Measles is a disease caused by the measles virus. Measles is very contagious and spreads easily but you can protect yourself by getting immunized.
People with measles can also get pneumonia. Measles is much less common since routine immunization of children against measles began.
After someone catches the measles virus, it can take 8-12 days for signs of the disease to appear:
Young children may also develop diarrhea or an ear infection with measles.
Measles is catching 1 to 2 days before any signs appear and from 3 to 5 days before a rash appears. It remains catching until 4 days after a rash appears.
Measles is spread through contact with droplets coughed, sneezed, or breathed into the air from someone with measles.
It is given in a shot that also includes vaccine against mumps and rubella (MMR). Children under one year of age may get the vaccine if there is an outbreak of measles or if they are to travel to an area where measles is common. If the vaccine is received prior to one year of age, the dose will need to be repeated.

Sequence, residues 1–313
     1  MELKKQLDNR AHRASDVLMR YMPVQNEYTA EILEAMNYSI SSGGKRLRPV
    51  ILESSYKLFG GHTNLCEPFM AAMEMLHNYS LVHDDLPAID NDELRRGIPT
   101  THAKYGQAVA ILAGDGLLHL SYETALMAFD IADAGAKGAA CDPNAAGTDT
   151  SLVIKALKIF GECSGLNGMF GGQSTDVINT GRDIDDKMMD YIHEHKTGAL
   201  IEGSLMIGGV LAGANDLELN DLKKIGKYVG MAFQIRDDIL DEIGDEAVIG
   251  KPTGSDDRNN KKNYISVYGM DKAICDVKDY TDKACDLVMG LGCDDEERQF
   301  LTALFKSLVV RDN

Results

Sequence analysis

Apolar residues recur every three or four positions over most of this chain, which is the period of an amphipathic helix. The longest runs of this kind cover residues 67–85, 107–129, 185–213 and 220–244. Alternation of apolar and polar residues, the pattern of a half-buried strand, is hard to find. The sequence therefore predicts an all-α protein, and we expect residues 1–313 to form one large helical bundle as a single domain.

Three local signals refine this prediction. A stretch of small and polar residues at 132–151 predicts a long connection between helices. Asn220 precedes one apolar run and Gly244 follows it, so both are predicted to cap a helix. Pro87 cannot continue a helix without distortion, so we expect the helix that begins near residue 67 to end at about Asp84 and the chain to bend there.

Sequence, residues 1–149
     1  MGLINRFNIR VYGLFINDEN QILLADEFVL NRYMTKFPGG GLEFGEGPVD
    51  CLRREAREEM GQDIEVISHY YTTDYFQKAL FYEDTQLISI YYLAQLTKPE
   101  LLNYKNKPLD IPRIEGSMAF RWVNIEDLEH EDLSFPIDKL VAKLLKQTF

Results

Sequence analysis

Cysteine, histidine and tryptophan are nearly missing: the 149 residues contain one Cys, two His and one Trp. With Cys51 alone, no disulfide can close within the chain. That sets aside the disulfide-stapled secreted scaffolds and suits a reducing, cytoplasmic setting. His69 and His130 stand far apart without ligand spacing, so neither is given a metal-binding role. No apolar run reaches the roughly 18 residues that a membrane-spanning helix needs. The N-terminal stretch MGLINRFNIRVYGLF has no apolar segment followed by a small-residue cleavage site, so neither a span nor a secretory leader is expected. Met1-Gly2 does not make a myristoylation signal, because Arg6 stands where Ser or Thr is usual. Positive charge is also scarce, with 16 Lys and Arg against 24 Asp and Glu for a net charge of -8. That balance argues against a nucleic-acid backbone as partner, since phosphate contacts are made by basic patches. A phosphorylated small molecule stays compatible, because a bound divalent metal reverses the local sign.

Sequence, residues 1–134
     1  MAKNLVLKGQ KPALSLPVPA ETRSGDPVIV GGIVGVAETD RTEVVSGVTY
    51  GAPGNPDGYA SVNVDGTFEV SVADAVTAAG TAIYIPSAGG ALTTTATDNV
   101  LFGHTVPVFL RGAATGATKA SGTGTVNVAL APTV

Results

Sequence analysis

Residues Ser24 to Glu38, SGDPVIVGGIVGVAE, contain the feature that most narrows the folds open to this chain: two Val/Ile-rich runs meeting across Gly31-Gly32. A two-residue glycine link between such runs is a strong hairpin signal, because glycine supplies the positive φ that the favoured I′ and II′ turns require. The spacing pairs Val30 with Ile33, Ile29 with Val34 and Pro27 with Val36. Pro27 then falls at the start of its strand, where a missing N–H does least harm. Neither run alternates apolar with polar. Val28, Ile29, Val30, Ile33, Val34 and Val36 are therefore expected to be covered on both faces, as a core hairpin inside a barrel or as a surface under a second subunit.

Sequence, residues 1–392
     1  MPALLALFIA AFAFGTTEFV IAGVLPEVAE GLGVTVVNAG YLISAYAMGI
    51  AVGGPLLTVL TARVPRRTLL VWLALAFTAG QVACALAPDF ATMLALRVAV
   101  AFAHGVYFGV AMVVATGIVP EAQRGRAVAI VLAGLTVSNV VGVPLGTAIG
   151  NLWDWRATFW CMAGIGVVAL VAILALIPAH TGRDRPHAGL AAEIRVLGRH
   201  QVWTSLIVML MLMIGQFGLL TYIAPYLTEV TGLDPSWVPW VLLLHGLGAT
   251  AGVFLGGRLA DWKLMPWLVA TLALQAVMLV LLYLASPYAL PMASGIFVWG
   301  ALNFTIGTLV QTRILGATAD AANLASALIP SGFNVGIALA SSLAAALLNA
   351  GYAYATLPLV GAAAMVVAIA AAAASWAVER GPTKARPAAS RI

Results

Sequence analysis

Two doses of a measles containing vaccine are recommended.
Measles can be prevented in unimmunized people who are exposed to measles, if they receive the vaccine within 72 hours.
Measles is a reportable disease in British Columbia. If there is a case of measles in a child or adult in the child care centre or school, immediately report the case to the Licensing Officer or Public Health Nurse assigned to your centre or school.
Talk to your doctor or Public Health Nurse, if you have any questions about measles.
About Acetaminophen or Ibuprofen.
If there is a case of measles in a school or child care centre, all children and adults who have not had measles disease or vaccine should stay away from the child care centre or school, unless they receive measles vaccine within 72 hours of last exposure to a case of measles or until the Medical Health Officer says it is safe for them to return.
Print this page as featured in the guide book, Sneezes & Diseases: A Resource Book for Caregivers & Parents